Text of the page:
Physical checks for AIDS nearly as good as lab tests
AIDS patients in poor countries checked for signs of decline such as fever or weight loss are likely to have nearly the same survival rate as Western patients who undergo costly laboratory tests, researchers said on Friday.
Observing clinical symptoms is also almost as effective as laboratory analysis in deciding when to switch from first-line drug treatments to second-line drugs if resistance sets in, according to the study in the Lancet medical journal.
Doctors in poor countries, especially in Africa, often rely on physical signs alone to track progression of the deadly disease. There are about 2 million people in developing countries taking life-extending HIV drugs.
Few of those patients have access to costly tests to measure the body’s immune levels by measuring how much virus is traveling in the bloodstream or by counting the numbers of immune cells called CD4 T-cells, which are standard in rich countries.
HIV infection is incurable but drug cocktails can help keep patients alive and healthy. These are usually started based on measures of how far along the infection has progressed.
The study suggests it is alright to make these assessments based on the patient’s health rather than using the more expensive blood tests.
“Our results suggest that use of antiretroviral therapy without monitoring of viral load or CD4 cell count does not have marked detrimental effects on patient survival or on development of resistance,” the researchers wrote.
Access to AIDS drugs should be expanded to all regions hit by the epidemic as soon as possible, they said. “Lack of access to laboratory monitoring should not be allowed to hinder this process.”
The team, led by Andrew Philipps of University College London, included Dr. Charles Gilks, coordinator of antiretroviral treatment and HIV care at the World Health Organization (WHO).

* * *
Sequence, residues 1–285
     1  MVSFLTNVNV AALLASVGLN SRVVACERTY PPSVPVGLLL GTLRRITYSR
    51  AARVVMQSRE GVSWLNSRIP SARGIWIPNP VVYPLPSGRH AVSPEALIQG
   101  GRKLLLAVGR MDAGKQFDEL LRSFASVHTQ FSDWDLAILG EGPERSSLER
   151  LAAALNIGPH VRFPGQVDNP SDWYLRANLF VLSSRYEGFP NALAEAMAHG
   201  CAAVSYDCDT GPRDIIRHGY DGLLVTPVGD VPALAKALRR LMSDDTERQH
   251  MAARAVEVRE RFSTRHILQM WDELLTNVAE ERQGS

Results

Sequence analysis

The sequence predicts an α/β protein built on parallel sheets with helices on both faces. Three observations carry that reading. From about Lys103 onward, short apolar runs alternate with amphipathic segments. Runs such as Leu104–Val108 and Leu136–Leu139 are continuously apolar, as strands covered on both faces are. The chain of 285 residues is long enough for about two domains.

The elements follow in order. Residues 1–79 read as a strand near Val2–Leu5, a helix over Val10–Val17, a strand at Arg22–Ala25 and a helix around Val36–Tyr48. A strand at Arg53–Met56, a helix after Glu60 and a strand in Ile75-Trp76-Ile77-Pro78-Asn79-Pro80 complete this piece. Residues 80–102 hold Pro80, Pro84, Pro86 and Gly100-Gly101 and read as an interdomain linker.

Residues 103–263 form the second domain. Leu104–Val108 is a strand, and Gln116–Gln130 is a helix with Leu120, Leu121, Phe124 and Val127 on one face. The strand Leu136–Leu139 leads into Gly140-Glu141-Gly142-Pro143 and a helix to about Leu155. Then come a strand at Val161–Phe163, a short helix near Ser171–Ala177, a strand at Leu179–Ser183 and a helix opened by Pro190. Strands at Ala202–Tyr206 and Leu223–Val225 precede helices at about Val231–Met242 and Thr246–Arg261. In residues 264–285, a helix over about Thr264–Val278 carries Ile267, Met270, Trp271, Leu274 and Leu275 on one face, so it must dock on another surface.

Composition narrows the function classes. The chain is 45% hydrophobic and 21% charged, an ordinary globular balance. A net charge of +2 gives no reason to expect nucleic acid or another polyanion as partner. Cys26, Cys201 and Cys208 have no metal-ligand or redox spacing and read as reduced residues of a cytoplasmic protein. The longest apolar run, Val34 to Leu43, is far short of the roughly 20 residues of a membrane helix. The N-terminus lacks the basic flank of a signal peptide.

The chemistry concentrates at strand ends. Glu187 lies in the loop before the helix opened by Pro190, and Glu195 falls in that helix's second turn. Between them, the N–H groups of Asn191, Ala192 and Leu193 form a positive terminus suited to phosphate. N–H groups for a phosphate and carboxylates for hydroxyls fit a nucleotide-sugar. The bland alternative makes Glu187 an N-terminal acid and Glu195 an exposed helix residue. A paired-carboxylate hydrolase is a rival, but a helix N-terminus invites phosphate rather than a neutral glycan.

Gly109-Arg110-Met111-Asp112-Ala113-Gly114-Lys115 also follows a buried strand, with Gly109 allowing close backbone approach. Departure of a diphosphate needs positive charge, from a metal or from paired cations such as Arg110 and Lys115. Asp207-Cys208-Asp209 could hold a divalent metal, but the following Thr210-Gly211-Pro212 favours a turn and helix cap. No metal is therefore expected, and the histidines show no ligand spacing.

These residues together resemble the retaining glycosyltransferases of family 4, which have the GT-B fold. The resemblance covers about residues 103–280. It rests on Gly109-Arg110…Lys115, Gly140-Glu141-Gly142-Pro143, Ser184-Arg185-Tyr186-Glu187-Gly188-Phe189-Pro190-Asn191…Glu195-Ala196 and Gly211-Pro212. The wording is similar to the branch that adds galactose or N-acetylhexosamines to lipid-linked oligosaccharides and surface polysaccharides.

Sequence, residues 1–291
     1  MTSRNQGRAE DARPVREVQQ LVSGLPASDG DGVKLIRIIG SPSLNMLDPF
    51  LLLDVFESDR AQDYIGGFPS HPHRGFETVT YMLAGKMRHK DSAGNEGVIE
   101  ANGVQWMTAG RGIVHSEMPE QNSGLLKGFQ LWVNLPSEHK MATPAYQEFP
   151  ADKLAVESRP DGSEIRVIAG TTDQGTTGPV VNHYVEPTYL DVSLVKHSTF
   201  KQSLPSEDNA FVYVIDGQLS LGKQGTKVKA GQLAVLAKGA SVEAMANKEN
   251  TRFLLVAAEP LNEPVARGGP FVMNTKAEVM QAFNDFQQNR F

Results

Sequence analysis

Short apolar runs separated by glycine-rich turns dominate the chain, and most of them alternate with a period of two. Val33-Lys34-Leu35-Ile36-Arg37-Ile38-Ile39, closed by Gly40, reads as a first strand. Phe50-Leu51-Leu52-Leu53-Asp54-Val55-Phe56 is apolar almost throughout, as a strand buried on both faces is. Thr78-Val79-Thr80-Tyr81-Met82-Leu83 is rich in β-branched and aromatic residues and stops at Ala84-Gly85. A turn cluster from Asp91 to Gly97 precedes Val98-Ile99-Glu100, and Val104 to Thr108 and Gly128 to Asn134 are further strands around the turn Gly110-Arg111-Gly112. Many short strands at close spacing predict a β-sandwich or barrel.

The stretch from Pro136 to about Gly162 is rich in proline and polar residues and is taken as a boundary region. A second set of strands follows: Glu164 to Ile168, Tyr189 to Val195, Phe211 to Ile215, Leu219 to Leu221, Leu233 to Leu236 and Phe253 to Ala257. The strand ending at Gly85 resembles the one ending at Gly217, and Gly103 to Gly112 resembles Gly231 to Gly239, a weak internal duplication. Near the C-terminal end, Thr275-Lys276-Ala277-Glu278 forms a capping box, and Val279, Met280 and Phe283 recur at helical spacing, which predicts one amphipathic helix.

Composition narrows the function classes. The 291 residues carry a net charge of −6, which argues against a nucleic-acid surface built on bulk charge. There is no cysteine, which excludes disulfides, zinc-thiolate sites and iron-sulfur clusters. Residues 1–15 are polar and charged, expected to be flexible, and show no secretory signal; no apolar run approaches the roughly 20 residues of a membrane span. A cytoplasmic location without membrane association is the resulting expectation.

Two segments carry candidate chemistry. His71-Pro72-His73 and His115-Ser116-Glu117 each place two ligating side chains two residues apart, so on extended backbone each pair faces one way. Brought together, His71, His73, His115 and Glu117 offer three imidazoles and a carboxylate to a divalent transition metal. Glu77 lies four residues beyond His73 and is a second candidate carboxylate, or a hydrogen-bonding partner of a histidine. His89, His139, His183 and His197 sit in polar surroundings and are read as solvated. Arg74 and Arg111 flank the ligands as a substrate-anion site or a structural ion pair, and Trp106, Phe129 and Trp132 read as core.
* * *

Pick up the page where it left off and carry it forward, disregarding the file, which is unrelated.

“The results of this study should reassure clinicians in Africa and Asia, who are treating literally millions of people without these laboratory tests, that they are not compromising patient safety,” co-author Gilks said in a statement issued by the Geneva-based WHO.
“In fact, the outcome of their treatment is almost as good as those patients in the United States and Europe where laboratory-guided treatment is the norm,” he added.
AIDS has killed 25 million people globally and currently infects 33 million.
The study published in The Lancet was based on mathematical projections using a computer simulation model of HIV infection, not on actual patients.
The percentage of patients surviving 5 years was predicted to be roughly the same in each case - at 83 percent in patients using the viral load monitoring strategy, 82 percent from CD4 cell count monitor and 82 percent with clinical monitoring.
Over a 20-year period, the projected survival rates with the three methods were 67, 64 and 64 percent respectively.
The WHO, a United Nations agency, is working to ensure that all 7 million people in low-and middle income-countries get access to antiretroviral drugs.
“We’re not saying don’t do the tests because they obviously do help but if you don’t have tests available, the priority remains to get drugs there in the first instance,” Gilks told Reuters. “Drugs are the most important thing because without them people die, it is as simple as that.”
By Stephanie Nebehay